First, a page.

Reconciliation: Islam, Democracy, and the West

Front Cover
Harper Collins, Feb 12, 2008 - Political Science - 328 pages
21 Reviews

Benazir Bhutto returned to Pakistan in October 2007, after eight years of exile, hopeful that she could be a catalyst for change. Upon a tumultuous reception, she survived a suicide-bomb attack that killed nearly two hundred of her countrymen. But she continued to forge ahead, with more courage and conviction than ever, since she knew that time was running out—for the future of her nation, and for her life.

In Reconciliation, Bhutto recounts in gripping detail her final months in Pakistan and offers a bold new agenda for how to stem the tide of Islamic radicalism and to rediscover the values of tolerance and justice that lie at the heart of her religion. With extremist Islam on the rise throughout the world, the peaceful, pluralistic message of Islam has been exploited and manipulated by fanatics. Bhutto persuasively argues that America and Britain are fueling this turn toward radicalization by supporting groups that serve only short-term interests. She believed that by enabling dictators, the West was actually contributing to the frustration and extremism that lead to terrorism. With her experience governing Pakistan and living and studying in the West, Benazir Bhutto was versed in the complexities of the conflict from both sides. She was a renaissance woman who offered a way out.

In this riveting and deeply insightful book, Bhutto explores the complicated history between the Middle East and the West. She traces the roots of international terrorism across the world, including American support for Pakistani general Zia-ul-Haq, who destroyed political parties, eliminated an independent judiciary, marginalized NGOs, suspended the protection of human rights, and aligned Pakistani intelligence agencies with the most radical elements of the Afghan mujahideen. She speaks out not just to the West, but to the Muslims across the globe who are at a crossroads between the past and the future, between education and ignorance, between peace and terrorism, and between dictatorship and democracy. Democracy and Islam are not incompatible, and the clash between Islam and the West is not inevitable. Bhutto presents an image of modern Islam that defies the negative caricatures often seen in the West. After reading this book, it will become even clearer what the world has lost by her assassination.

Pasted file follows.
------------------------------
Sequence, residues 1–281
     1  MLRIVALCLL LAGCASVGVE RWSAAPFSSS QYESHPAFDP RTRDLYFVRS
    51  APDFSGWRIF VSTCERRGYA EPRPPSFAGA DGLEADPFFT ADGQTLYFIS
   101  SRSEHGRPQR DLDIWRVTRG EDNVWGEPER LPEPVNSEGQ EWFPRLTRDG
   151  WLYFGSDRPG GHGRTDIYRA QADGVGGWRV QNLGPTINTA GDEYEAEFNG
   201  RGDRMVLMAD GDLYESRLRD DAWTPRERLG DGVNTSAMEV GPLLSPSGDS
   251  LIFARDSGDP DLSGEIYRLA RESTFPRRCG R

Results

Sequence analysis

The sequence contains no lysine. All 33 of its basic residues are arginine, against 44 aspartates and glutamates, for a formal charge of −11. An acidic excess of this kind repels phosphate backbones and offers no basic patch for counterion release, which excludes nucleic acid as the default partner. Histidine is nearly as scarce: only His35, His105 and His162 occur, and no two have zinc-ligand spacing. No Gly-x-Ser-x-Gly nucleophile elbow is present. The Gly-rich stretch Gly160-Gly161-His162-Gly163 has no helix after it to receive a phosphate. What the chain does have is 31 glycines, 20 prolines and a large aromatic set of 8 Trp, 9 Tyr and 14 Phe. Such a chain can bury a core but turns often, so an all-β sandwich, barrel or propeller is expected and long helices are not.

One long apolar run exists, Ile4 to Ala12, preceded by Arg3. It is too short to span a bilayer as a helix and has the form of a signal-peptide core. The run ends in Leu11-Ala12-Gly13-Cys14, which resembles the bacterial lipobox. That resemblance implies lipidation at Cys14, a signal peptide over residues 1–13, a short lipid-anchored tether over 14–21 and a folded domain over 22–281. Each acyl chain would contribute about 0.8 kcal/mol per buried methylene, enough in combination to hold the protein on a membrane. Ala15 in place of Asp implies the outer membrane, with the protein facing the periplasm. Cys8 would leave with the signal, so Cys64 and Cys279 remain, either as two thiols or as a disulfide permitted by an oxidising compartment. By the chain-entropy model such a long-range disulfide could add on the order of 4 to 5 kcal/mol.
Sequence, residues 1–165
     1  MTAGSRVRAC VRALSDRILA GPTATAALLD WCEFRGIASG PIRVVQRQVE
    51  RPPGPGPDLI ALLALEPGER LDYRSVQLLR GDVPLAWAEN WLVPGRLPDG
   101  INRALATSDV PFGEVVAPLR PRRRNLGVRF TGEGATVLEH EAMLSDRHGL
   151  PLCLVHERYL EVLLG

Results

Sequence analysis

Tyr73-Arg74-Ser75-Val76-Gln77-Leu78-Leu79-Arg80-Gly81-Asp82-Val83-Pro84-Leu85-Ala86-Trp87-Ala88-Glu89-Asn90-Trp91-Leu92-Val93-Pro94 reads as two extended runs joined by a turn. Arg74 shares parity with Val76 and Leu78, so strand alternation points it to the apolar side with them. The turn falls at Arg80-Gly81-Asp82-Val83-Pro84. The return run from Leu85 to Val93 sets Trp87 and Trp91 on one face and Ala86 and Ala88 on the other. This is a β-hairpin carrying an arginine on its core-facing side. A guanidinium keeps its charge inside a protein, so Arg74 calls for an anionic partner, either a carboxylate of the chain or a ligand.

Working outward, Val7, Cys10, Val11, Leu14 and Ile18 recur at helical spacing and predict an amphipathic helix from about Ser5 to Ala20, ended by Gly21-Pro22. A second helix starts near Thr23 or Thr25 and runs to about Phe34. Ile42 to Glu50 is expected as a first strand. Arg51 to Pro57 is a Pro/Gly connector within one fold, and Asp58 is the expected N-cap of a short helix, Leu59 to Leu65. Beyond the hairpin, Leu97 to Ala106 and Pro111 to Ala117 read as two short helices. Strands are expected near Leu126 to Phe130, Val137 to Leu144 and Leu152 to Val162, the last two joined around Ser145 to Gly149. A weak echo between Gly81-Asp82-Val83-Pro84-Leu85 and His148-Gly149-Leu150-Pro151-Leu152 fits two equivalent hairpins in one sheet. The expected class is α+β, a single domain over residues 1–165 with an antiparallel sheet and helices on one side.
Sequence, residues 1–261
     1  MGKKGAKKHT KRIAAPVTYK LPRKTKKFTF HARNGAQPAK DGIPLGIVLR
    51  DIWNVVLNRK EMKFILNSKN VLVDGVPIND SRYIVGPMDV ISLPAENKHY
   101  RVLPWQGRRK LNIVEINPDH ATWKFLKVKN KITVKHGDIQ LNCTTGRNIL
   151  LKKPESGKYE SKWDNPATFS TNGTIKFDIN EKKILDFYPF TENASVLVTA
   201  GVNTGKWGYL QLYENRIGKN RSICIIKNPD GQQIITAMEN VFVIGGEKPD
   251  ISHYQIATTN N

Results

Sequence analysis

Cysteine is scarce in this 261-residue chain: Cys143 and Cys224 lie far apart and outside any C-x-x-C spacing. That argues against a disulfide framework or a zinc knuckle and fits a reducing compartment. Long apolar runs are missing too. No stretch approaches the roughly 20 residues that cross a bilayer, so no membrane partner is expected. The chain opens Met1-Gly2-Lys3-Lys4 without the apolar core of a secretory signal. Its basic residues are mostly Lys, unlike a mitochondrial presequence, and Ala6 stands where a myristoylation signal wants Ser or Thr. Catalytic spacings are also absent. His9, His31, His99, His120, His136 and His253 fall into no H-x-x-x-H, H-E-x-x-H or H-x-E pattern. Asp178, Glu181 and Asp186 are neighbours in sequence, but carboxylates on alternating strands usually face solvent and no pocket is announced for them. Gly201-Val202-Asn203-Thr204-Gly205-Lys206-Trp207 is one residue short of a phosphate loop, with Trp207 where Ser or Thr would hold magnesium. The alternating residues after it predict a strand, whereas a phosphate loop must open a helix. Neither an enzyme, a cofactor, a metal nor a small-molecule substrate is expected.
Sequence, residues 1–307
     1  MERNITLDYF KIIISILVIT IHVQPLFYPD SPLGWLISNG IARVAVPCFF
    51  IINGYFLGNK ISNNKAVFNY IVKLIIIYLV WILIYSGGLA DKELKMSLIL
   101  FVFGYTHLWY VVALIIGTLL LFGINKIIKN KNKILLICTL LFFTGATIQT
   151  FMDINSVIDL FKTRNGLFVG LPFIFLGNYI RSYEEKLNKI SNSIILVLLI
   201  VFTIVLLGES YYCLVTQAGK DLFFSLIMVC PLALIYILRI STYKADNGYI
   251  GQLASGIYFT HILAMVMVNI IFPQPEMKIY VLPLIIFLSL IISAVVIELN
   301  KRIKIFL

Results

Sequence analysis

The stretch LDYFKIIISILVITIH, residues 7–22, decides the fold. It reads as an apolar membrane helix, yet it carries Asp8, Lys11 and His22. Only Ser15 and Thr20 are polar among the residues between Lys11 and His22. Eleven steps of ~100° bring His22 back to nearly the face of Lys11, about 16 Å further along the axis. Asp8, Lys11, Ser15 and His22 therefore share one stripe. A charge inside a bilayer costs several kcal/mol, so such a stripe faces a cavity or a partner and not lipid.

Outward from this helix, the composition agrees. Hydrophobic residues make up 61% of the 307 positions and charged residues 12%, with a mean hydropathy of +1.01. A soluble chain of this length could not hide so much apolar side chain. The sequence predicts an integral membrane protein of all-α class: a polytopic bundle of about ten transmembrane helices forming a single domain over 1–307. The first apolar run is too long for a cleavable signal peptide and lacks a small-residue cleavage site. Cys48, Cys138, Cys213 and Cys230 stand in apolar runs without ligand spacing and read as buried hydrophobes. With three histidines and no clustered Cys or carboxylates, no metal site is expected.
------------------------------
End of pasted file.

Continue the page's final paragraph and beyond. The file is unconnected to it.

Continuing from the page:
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Review: Reconciliation: Islam, Democracy, and the West

User Review  - Mike - Goodreads

This book is a "must read" for all who wish to become more informed on the issues facing the world regarding differences between Islam and the western world. Ms. Bhutto explains in a most articulate ... Read full review

Review: Reconciliation: Islam, Democracy, and the West

User Review  - Lakshana - Goodreads

For the larger part, this is one fine book. The writing is clear, crisp and eloquent. I wish translated copies would be made readily available for dissemination in the Islamic world, where I think it ... Read full review

Contents

democracy versus
17
history and practice
81
the case of pakistan
157
is the clash of civilizations inevitable?
233
reconciliation
275
Afterword
319
Copyright

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About the author (2008)

Benazir Bhutto was the prime minister of Pakistan from 1988 to 1990 and from 1993 to 1996, and the chairperson of the Pakistan Peoples Party. Born in 1953 in Karachi, Bhutto was the first woman ever to lead a Muslim state. She lived in exile from 1999 until her return to Pakistan in October 2007, two months before her assassination.